- Kimball International (KBALB) befuddles me - the stock was really cheap and sadly I gave up after a little rally having lost patience
- Super Micro (SMCI) wasn't so super, stumbling on a transition to a new product as well as hard-disk drive inventory issues
- TechData (TECD) botched an SAP installation in North America and saw EPS growth only due to massive share repurchases
Intel is the exception, but most of the stocks that declined were Small-Caps, where there is greater variability. Indeed, most of the winners were Small-Caps too. A portfolio lesson here is that when one invests in smaller companies, be prepared for greater variability. Some may look at this negatively, but it's actually an opportunity for those who are willing to trade around their core portfolio.
I need to confess, and this is where the real lessons come into play. I held some losers all year (IIVI, SMCI and TECD) and I let some winners go way too early (AKAM, CHS, DGI and especially KBALB). This is the opposite of what one is supposed to do. After knocking the cover off the ball in 2009 and 2010, 2011 performance for this model lagged. I have to admit to being influenced a bit by this, and wanted to lock in profits, which proved very costly, especially on KBALB. DGI was sold as it came out of the hole and before they pulled off their merger coup. AKAM and CHS were great sales where I failed to get back in later.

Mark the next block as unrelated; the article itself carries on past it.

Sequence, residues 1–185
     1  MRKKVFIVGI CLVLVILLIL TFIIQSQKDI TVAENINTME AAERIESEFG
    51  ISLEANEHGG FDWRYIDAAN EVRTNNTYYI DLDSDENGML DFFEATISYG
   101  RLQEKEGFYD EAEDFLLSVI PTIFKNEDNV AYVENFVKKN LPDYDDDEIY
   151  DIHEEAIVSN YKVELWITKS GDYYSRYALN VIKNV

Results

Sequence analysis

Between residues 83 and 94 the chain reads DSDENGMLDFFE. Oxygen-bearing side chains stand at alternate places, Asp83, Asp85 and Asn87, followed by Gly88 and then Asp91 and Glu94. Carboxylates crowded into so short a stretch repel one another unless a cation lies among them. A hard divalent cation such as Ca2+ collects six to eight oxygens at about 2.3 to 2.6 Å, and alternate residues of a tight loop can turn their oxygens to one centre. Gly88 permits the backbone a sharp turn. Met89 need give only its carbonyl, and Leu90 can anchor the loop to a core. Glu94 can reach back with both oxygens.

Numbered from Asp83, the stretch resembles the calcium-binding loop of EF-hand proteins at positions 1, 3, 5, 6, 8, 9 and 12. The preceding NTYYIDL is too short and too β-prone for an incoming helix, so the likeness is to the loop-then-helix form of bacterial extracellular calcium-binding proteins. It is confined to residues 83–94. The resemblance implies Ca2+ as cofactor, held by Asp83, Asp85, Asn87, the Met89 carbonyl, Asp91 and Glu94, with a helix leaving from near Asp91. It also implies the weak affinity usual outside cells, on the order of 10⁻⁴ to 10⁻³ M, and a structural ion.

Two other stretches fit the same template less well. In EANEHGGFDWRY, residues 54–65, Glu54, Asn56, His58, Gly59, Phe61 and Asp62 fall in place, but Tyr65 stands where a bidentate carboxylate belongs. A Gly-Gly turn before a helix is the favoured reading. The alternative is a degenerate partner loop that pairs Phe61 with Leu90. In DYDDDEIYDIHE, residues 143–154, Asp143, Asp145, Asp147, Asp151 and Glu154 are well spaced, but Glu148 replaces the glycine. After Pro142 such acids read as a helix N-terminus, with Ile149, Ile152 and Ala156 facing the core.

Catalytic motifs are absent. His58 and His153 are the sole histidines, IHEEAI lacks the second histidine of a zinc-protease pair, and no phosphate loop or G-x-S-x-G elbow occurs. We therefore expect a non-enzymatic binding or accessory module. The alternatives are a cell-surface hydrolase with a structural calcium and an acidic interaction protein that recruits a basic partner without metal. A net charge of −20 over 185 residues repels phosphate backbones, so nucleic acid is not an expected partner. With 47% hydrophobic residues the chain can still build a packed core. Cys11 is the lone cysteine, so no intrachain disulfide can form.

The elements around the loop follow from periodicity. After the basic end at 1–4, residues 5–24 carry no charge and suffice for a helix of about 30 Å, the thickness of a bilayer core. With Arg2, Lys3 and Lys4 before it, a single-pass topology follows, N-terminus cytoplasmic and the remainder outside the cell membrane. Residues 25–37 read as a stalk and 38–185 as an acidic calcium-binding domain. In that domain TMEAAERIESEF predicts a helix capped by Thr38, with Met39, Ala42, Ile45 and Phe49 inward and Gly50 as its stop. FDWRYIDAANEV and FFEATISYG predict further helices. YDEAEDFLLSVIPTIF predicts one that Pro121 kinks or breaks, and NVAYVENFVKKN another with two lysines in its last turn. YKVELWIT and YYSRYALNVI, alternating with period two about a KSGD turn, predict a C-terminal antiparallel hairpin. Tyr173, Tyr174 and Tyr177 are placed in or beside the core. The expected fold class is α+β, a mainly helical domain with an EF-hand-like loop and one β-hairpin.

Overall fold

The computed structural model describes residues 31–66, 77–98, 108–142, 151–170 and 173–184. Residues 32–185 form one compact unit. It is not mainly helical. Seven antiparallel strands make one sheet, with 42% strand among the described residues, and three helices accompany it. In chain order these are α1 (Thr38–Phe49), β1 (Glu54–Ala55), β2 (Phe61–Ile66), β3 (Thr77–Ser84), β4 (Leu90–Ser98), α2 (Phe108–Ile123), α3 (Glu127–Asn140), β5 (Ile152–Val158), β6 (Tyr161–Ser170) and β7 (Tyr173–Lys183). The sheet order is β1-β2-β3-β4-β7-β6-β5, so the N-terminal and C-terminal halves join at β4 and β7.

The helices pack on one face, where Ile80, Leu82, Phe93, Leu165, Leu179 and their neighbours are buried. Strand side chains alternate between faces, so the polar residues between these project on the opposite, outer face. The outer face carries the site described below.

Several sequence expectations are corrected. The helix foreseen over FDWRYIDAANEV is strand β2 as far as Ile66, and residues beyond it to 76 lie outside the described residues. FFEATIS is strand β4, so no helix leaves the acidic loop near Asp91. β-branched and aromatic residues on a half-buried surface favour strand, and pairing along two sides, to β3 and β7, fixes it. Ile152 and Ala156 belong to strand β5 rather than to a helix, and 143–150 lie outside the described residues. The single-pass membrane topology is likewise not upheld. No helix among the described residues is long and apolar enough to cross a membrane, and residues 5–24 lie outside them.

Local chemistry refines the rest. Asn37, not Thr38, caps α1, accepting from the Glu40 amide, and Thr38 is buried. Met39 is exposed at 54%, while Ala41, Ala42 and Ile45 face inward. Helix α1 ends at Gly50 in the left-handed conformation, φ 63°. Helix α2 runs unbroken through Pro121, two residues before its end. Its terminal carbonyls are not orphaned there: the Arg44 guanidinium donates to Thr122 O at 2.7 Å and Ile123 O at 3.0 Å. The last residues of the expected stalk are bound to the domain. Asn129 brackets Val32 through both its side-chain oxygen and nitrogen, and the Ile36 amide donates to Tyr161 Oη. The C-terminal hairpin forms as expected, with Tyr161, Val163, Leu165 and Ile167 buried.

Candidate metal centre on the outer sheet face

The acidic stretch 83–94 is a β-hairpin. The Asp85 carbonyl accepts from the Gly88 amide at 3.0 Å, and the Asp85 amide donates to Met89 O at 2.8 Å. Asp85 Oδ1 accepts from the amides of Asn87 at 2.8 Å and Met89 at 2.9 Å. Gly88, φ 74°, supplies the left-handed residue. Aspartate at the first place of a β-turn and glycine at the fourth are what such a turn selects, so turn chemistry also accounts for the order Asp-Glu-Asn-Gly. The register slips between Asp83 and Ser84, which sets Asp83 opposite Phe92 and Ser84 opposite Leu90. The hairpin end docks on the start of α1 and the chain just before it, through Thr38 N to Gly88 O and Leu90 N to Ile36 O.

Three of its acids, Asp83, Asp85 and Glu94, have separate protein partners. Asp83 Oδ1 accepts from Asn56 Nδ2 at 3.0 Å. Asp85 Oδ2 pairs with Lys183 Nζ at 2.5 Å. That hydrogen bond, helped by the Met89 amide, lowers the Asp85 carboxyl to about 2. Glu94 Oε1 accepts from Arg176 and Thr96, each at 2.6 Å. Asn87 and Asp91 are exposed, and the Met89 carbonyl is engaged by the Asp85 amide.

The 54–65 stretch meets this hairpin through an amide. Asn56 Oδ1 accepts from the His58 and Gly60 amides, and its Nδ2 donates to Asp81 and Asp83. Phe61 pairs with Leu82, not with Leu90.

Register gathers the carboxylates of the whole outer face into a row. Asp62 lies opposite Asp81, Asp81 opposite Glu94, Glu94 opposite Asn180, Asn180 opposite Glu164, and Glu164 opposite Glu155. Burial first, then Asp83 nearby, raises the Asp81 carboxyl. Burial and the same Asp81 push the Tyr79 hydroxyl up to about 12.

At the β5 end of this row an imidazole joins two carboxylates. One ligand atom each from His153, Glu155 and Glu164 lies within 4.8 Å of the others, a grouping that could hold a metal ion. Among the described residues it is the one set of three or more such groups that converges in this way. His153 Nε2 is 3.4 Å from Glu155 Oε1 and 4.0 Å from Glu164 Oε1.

Let's shift to the stocks in the Conservative Growth/Balanced Model Portfolio. This one is a bit trickier, as the model isn't just stocks. The benchmark is 60% equities (S&P 500) and 40% bonds (Bar Cap Aggregate Bond), and I am permitted to have 45-75% equity exposure and 10-55% bond exposure (with cash of 5% to as high as 45%). As I disclosed last year, the model was just 11% in bonds, and we kept the exposure low all year.
The model returned 13.74%, which was more than 2% above the benchmark and above the S&P 500. We were able to beat the S&P 500 with no more than 75% in stocks (more return, less risk). I shared 14 stocks that we held at year-end. Here is how they did:
Here, the average pick lagged on a price-basis, but the total return of these picks ended up matching the market roughly, as the dividend yields are higher. Unlike the other model, there was little variability in returns. I addressed BEN, CHS and INTC above. Small-Cap National Bankshares (NKSH) did well, but it actually lagged Financials. Again, trading really helped this model do better than the initial portfolio.
I shared a couple of portfolio management "lessons" above regarding variability of returns as well as what can happen when you sell winners, and there is one for this model too: You can construct portfolios that meet your tolerance for risk. The securities in this model are combined to produce both income (above-market) and capital preservation. The parameters I use reflect valuation as well as balance sheet strength and other fundamental attributes. I am the same guy doing both of the models I shared. The returns were better for the other model, but the subscribers to the Conservative Growth/Balanced model portfolio most likely slept better at night.
I said last year that 2011 wouldn't make it on my career highlights film. While 2012 was better, it again didn't track my expectations. I covered all of the worst performers, but I am happy to address any others in the comments section if you should have any questions. Happy New Year to you!
Additional disclosure: Several of the stocks discussed are held in one or more models managed by the author at Invest By Model.